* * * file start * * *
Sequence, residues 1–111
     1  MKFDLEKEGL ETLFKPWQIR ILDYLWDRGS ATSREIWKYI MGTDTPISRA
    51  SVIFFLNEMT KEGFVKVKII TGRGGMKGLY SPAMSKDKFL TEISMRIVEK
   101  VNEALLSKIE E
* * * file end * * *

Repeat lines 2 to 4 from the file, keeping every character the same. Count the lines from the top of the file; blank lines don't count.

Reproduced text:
     1  MKFDLEKEGL ETLFKPWQIR ILDYLWDRGS ATSREIWKYI MGTDTPISRA
    51  SVIFFLNEMT KEGFVKVKII TGRGGMKGLY SPAMSKDKFL TEISMRIVEK
   101  VNEALLSKIE E